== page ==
If you have read any other pieces I have written you may have noticed that I elected not to write in 'E-prime’ here. You may consider English Prime a horrible and unnecessary mauling of the language. But if you do not, you may be wondering why I have not slipped into ‘the dialect’ for yet another Aristotelian Essentialism free excursion (see footnote 2). It is because, rather than seek a sharpness and honesty (as in psychologically self-reflexive honesty) in my language that is usually desirable for a more scholarly piece, I intend here to impart emotional meaning. And that requires a more poetic use of language.
You may or may not consider what I say as “emotional truth”. Whether it “is” or not (a perfect opportunity here for dropping into E-prime, but I promise I won’t!), is a question for the absolutists. The meaning of a communication after all is what is received at the other end. In purposely blurring some lines (using ‘essentialist’ language), I hope to make it easier to convey something in emotional terms – for the emotive part of us does not deal so well with precision (as an aside I have often wondered whether people who claim to be clairvoyant are actually people who experience emotional communications that have the acuity of vision). I am, in essence(!), using the limited means of written language to achieve a shotgun effect, spreading the umbrella as widely as I can so that, hopefully, if your ear is cocked at the correct angle, you may receive my meaning largely as I intended it. But if you do not, it need not be considered a communication breakdown. I will no doubt communicate something. I am in no position to judge accurately what that might be, because I am not you, but I hope it at the very least imparts something useful to ponder.
If then, you have continued this far, then you have certainly followed, and I have led in the strict ordinal sense in that I have written first and you have read second. At some point in the future I may be going through a period of procrastination and happen upon this piece. I will then read it and perhaps shock myself into action. This will result in the distinctly odd experience of being a future ‘follower’ of a past ‘me’ who has effectively ‘led’ with the meanings instilled in this writing. Is this, in a bizarre way, an act of ‘finding oneself’?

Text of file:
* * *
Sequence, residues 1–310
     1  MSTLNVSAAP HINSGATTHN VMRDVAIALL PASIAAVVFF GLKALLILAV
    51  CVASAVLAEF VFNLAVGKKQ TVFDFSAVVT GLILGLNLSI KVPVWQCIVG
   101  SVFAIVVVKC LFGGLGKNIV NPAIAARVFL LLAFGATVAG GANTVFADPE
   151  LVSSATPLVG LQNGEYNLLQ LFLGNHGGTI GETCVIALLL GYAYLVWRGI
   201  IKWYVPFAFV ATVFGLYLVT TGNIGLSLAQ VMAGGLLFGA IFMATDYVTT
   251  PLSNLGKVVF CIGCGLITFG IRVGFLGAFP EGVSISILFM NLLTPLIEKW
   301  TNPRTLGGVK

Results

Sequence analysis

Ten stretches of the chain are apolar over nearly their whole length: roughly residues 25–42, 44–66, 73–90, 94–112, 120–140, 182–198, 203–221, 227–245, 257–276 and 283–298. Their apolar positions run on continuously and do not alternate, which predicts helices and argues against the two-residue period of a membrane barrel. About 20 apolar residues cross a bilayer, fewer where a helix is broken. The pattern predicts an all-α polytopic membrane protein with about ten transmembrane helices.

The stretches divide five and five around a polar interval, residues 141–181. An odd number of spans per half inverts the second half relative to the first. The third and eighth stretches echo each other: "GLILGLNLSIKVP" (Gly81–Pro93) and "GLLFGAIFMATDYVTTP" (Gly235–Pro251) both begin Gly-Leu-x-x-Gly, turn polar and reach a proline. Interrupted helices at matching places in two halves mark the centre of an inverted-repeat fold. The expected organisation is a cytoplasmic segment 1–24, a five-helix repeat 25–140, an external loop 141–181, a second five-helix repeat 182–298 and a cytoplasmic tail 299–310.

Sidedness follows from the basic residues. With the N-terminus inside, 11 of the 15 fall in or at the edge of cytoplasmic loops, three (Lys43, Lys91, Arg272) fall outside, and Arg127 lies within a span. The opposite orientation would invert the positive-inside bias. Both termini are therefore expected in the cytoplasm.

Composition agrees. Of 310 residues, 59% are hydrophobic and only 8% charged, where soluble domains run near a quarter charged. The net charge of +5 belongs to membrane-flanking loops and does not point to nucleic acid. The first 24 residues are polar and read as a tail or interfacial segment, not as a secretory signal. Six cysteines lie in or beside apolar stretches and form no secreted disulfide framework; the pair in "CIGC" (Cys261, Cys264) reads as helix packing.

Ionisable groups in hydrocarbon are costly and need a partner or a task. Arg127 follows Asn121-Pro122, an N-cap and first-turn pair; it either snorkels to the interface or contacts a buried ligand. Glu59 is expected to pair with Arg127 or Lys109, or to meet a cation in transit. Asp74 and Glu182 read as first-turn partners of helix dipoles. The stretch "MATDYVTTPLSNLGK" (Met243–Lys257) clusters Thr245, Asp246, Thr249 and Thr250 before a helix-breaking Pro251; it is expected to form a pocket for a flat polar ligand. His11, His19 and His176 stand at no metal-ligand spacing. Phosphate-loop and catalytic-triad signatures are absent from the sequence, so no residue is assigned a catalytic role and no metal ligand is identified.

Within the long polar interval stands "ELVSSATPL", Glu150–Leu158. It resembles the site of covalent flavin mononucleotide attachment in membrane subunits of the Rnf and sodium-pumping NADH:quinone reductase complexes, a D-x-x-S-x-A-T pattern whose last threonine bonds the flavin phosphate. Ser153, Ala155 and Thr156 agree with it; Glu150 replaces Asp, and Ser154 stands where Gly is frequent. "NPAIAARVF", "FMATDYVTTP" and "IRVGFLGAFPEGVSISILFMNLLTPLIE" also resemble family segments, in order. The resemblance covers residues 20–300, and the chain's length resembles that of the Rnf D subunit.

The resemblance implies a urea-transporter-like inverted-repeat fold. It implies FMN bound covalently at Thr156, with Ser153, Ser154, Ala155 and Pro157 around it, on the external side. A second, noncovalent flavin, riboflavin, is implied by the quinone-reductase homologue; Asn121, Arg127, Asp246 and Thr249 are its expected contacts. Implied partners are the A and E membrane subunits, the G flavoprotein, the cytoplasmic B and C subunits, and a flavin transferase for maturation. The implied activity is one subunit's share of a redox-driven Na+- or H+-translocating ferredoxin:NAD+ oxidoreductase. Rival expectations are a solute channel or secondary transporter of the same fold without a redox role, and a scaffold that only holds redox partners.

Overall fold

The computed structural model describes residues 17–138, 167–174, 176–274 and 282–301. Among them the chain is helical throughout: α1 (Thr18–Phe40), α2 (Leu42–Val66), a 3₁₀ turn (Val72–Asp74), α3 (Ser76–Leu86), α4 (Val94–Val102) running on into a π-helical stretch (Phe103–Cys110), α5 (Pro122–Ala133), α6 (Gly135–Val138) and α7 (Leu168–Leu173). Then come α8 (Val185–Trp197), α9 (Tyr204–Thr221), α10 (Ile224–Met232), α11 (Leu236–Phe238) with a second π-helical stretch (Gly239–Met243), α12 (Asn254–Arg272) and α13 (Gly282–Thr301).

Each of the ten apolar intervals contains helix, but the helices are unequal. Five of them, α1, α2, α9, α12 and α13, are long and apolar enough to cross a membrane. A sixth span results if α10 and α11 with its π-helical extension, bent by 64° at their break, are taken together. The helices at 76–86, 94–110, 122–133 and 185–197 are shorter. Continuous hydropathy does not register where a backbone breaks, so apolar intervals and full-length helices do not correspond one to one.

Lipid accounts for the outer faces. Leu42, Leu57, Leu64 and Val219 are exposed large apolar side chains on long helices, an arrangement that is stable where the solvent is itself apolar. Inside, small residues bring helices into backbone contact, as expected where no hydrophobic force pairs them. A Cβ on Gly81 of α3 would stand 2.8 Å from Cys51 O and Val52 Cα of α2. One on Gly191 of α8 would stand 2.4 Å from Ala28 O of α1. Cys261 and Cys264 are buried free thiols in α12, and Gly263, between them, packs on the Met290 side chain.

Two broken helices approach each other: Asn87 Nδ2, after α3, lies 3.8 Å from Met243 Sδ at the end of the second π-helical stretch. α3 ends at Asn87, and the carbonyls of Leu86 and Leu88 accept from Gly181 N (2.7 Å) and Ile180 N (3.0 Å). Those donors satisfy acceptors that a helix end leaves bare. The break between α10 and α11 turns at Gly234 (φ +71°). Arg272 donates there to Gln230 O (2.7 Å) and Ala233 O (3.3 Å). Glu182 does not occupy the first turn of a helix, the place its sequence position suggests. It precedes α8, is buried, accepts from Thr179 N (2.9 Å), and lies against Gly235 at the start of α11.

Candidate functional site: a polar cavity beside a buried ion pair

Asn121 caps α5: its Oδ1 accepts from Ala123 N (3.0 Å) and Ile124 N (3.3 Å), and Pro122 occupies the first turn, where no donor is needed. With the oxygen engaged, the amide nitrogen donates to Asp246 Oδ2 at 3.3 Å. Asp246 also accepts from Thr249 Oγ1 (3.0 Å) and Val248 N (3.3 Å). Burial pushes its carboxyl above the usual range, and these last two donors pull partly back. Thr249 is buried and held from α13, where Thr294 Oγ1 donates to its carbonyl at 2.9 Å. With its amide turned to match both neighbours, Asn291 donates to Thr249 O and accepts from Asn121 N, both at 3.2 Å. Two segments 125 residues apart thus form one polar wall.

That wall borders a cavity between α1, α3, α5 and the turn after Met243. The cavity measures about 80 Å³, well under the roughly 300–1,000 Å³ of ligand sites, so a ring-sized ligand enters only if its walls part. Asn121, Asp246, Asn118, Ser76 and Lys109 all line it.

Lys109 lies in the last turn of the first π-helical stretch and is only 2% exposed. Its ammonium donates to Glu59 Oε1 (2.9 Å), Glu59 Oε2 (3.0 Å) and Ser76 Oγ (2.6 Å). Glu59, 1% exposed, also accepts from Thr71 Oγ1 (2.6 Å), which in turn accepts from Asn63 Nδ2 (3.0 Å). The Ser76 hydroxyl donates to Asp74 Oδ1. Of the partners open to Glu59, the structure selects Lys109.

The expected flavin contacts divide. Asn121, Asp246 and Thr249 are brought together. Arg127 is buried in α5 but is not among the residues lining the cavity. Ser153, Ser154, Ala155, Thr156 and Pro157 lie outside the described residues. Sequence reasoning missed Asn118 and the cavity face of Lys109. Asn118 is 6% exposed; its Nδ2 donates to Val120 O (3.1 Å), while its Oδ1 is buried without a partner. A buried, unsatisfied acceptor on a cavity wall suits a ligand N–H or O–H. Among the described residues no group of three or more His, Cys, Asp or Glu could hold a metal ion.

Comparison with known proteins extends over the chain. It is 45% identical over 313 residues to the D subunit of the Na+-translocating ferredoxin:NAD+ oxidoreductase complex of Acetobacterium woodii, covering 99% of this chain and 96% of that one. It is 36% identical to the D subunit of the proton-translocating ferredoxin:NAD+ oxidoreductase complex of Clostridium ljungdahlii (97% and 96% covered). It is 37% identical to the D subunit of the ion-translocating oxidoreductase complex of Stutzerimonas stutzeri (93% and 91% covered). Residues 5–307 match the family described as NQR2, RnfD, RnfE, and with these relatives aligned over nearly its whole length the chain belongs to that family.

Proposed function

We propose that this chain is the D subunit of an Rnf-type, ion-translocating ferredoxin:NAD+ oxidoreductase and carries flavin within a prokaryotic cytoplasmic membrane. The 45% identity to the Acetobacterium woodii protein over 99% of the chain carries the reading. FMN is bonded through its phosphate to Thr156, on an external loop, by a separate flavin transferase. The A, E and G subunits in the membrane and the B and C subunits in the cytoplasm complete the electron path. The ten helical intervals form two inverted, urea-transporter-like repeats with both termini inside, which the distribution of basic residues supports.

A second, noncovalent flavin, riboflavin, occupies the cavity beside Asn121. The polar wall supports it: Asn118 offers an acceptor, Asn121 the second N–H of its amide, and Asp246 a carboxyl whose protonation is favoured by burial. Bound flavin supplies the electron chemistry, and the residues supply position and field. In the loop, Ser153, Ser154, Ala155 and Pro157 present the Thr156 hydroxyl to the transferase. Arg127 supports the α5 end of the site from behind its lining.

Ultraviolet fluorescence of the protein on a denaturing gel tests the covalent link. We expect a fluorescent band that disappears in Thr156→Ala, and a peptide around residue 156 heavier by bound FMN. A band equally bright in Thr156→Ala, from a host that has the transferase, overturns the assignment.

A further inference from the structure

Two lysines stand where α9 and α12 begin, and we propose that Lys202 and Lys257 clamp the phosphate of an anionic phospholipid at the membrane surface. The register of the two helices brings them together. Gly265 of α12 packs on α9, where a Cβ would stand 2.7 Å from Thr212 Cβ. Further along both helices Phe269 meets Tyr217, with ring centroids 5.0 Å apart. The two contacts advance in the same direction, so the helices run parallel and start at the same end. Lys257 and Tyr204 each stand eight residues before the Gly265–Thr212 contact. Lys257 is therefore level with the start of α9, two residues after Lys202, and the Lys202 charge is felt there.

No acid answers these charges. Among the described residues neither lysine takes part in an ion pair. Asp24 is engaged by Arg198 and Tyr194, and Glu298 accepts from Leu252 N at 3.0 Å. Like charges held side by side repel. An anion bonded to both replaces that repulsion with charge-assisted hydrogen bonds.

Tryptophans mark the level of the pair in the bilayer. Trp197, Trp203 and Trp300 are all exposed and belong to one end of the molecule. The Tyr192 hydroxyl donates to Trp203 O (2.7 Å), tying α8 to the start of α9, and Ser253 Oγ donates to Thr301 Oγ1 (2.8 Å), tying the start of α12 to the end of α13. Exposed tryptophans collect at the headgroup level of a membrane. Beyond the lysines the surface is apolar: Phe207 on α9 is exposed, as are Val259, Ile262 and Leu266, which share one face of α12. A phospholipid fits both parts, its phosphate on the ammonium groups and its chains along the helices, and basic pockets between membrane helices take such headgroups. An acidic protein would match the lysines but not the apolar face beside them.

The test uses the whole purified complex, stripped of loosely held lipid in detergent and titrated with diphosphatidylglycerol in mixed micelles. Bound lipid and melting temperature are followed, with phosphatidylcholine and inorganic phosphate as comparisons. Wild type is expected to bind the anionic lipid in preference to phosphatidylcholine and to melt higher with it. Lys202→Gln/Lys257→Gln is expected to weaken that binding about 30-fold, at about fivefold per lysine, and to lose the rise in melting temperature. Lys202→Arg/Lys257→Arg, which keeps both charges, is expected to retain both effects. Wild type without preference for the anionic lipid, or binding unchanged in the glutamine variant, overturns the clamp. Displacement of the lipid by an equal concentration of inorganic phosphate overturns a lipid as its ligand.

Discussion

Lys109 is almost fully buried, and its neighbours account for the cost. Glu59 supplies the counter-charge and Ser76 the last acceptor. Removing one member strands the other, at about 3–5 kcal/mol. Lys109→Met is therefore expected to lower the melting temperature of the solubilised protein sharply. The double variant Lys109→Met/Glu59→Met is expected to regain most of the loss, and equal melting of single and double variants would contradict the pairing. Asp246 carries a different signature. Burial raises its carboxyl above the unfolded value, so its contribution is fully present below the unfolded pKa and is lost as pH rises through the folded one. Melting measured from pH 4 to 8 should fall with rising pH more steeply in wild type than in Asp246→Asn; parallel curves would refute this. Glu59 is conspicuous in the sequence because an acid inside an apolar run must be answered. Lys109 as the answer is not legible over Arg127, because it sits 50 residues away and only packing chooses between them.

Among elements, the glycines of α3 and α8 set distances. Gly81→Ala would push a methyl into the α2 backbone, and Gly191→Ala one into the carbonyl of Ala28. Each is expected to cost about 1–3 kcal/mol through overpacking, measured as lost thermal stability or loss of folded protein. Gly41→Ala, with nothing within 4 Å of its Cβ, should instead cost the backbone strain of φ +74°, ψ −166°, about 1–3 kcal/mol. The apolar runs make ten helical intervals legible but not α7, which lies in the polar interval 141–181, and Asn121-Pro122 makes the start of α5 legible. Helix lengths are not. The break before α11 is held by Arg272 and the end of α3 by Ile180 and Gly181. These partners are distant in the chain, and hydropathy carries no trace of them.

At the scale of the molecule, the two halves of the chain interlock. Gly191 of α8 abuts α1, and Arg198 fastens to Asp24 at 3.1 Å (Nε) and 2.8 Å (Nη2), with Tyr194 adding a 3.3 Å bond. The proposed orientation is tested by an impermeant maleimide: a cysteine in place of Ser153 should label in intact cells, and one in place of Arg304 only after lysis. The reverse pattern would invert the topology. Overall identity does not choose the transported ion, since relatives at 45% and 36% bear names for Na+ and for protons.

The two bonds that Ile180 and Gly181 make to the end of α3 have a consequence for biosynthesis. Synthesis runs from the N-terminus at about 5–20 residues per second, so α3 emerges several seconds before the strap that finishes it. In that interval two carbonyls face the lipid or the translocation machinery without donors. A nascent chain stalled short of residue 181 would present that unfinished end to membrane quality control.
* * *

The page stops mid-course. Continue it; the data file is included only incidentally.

Perhaps it helps to consider the notion of leadership in more ephemeral terms, to disassociate the demeaning and unhealthy aspects. Consider the idea of a ‘natural leader’ versus an ‘appointed leader’. Which of these would you consider more healthy, and which type actually dominates most of our lives in most ways?
The best person for the job? Or the best job for the person? Can one reliably have oneself installed and institutionalised as a designated leader and think and act in a healthy manner without the realisation that one is not always a leader, but is oftentimes a follower? Sometimes such a designation matters greatly in one social group, but little in another (consider for example the experience of encountering someone who booms “DO YOU KNOW WHO I AM!?” in response to you, or someone else not behaving in the way this individual either wants or expects you to).
People change. A cliché? Or perhaps a principle that one might find it useful to adhere to. Surely a path that can lead to many bumps, scrapes and unexpected turns. But realising that people change, and that you change and that you can not only embrace this change, but act as a catalyst for it, energising it beyond boundaries either you put up, or somebody or something (your body’s homeostatic principle) put up for you, can become a principle of life – of living. Or change can be forced onto you slowly and inexorably while you grasp onto similitude with your fingernails. This is the experience I believe most people have of change, hence why they shy away from it and allow biological urges to almost solely dictate their existence.